Kaitlin Y. Cordes is a lawyer and researcher, and leads the Columbia Center on Sustainable Investment’s work on investments in land and agriculture.
Earlier this year, Liberian President Ellen Johnson Sirleaf made an unexpected commitment related to foreign investment in land and community land rights. In a meeting with communities who had raised concerns regarding a British company’s attempts to expand its palm oil production onto their customary land, the President effectively told those communities that they would have the right to say yes or no to further expansion, noting that the company could expand only with the affected communities’ approval.
The President’s oral assurance to the communities was rather surprising given that the company already held concession agreements, which were ratified by the Government of Liberia in 2008, that arguably covered the land in question. The agreements provided land for palm oil production, with exceptions for “tribal reserves of land” but with no other recognition of customary ownership rights. Yet six years after the agreements were signed, the President acknowledged the potential impact on customary land users and determined that the investor would need such users’ approval before it continued with any expansion.
This belated step to protect communities’ land rights from an investment that had already been authorized was particularly notable given the recent policy and political context. Although Liberia’s first Land Rights Policy was introduced in 2013, creating a new category of Customary Land, the policy is not retroactive and thus presumably will not affect existing concessions. In addition, the President has been outspoken about community efforts to secure their land in the context of foreign concessions, warning at the beginning of this year that “unreasonable community demands” could scare away agricultural investors. Whether the company plans to adhere to this government determination remains to be seen.
Tensions between large-scale land-based investments and land rights
This situation illustrates tensions between large-scale land-based investments and community land rights that are seen throughout Africa. Many African governments have indicated their desire for greater private sector investment in agriculture, echoing calls for increased agricultural investment at the global scale. And while almost no one disputes the need for increased agricultural investment, sustainable investment in agriculture is fraught with challenges. These challenges become even more daunting in countries with insecure community land rights, weak land tenure systems, or tenure systems that are in the midst of transition.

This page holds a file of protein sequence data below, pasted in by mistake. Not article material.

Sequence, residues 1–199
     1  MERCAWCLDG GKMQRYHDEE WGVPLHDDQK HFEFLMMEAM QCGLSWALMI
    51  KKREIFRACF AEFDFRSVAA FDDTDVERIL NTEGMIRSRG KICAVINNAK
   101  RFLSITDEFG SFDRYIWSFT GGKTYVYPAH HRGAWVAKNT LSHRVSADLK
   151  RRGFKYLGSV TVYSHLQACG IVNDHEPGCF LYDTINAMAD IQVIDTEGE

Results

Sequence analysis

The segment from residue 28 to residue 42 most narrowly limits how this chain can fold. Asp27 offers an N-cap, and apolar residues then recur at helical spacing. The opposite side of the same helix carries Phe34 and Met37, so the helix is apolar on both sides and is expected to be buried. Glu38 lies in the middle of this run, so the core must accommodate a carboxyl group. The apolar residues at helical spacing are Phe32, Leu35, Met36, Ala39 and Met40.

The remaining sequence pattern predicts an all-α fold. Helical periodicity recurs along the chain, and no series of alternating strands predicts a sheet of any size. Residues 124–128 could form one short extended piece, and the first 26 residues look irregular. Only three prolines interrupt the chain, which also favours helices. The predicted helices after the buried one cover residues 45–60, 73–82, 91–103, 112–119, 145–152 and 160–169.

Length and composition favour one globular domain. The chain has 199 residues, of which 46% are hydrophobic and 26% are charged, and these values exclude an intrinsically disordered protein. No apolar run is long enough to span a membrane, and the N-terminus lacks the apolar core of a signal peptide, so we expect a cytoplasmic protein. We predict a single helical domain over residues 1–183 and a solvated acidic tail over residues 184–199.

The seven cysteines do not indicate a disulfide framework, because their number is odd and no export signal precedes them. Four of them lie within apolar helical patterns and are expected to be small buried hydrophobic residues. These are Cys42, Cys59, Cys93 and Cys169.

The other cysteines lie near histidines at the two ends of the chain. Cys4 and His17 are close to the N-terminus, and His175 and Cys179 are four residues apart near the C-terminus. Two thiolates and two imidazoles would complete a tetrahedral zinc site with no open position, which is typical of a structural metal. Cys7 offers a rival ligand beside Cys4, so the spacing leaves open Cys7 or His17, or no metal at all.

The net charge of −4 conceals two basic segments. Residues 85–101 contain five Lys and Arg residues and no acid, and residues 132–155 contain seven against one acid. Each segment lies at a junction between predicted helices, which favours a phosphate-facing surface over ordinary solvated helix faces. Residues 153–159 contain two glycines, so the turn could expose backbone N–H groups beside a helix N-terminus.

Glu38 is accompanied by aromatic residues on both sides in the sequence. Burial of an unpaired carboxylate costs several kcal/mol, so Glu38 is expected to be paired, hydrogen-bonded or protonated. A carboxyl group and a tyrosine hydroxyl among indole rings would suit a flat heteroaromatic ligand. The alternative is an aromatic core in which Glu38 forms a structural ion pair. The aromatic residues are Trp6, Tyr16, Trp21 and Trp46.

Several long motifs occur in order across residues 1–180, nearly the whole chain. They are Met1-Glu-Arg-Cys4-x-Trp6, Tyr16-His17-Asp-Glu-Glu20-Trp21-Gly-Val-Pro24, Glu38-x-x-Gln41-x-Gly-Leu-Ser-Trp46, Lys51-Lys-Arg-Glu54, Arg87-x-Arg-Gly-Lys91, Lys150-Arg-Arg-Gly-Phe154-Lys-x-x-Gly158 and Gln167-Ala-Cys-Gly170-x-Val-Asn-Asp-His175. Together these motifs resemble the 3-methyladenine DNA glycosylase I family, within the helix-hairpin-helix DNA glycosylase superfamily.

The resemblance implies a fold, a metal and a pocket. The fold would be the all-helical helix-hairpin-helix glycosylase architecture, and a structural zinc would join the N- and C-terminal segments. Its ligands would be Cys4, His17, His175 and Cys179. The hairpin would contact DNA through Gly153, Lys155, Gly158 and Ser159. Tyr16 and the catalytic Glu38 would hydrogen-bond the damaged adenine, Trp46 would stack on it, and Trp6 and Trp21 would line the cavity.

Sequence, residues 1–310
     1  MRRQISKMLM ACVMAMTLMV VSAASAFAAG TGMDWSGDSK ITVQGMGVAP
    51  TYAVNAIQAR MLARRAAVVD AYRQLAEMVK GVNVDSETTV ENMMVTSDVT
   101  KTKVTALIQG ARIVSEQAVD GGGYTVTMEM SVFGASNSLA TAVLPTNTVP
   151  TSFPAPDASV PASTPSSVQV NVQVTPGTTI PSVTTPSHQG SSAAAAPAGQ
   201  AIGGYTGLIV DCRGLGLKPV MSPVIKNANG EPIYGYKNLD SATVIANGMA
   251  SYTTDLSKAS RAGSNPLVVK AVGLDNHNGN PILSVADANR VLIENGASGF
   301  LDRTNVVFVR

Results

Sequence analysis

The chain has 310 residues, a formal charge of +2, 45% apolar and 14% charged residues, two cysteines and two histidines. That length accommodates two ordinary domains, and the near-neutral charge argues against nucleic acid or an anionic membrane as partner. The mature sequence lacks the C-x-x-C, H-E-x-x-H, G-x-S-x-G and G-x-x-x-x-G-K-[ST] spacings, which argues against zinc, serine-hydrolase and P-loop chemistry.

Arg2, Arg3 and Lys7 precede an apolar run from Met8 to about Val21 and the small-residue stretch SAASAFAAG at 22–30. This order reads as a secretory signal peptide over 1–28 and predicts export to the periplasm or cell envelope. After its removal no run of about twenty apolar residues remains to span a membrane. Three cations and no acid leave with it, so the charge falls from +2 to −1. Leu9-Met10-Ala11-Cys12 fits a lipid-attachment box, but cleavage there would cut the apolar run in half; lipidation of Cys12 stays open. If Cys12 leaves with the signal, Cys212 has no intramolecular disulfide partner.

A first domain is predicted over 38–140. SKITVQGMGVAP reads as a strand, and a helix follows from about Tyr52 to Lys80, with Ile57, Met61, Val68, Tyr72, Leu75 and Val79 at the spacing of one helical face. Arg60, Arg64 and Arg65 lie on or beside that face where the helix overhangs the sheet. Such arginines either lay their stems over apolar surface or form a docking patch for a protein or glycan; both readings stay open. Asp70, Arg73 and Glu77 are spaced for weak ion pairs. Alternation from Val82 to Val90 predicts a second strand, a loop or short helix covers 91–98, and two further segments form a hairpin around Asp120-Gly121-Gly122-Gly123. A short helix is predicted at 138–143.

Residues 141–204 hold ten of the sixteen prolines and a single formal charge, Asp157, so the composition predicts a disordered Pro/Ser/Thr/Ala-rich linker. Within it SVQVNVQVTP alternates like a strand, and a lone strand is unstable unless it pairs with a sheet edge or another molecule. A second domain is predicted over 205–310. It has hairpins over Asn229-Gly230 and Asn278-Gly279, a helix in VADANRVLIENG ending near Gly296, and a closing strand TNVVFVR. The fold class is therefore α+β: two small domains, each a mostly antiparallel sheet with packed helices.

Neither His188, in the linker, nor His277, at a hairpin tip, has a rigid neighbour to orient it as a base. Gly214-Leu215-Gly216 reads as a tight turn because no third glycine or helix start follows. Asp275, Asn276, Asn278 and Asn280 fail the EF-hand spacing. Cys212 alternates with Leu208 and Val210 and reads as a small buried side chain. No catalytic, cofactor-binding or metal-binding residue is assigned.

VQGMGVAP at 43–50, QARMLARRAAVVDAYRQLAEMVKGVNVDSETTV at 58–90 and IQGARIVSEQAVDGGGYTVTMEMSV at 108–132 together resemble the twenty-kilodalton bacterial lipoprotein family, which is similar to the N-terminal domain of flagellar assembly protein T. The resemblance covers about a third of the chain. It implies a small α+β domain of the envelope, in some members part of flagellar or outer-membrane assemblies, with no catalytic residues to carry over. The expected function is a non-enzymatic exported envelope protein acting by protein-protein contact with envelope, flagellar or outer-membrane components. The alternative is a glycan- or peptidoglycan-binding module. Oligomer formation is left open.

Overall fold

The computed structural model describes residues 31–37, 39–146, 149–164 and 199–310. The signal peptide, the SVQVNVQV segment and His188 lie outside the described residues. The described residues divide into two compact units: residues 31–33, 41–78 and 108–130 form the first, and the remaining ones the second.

Indeed, weak land rights in certain countries are especially concerning for land users when those countries seek to promote greater investment in agriculture, as the types of agricultural investment models frequently embraced by governments and investors may actually jeopardize land rights rather than support them.
For example, research has shown that many of the large-scale land acquisitions made in recent years occur in heavily populated croplands, creating competition with existing smallholder farmers and land users – who may have undocumented customary tenure arrangements – and raising concerns about the displacement of communities to make way for such investment projects. Agricultural investments that lead to community displacement from productive land can have devastating livelihood impacts for the previous land users, even when compensation and resettlement opportunities have been provided. (The same research also found that a similar number of acquisitions occur in forested areas, which also raises livelihood concerns as well as fosters another set of challenges, particularly from an environmental perspective.)
Land rights can produce a host of benefits
Although efforts to secure community land rights can produce a host of benefits and can help protect communities from the potential negative impacts of investment, such processes are complex. And in some cases, they may be too slow to address the speed at which investors arrive.
In short, the opportunities and challenges of investment in agriculture are complex, especially in respect of how such investment affects land rights, particularly community land rights. Host countries concerned about sustainable development thus confront multiple complications in managing foreign direct investment in agriculture.
Increased training and cross-learning opportunities that support public sector officials can promote a more nuanced understanding of the key issues and facilitate government efforts to address these challenges. One example is the Columbia Center on Sustainable Investment’s executive training on sustainable investments in agriculture, which will take place in New York from March 8-13, 2015, providing an interdisciplinary approach to help participants enhance their relevant knowledge and skills. (Applications are due December 15, 2014, and more information is available here.)
Determining the type of agricultural investment needed – including the amount, the appropriate business models, and the deal structures that will provide the most benefits – is context-specific, as is the decision on the most appropriate approach to improving land governance and tenure security.
Yet experience around the world shows that these questions are some of the most pressing that host governments may face, with significant benefits if done well and massive problems if done poorly.
Countries continuing to grapple with these questions can and should learn from past experiences in peer countries, as well as benefit from the proliferation of guidance and best practices on responsible agricultural investment and good governance of land tenure.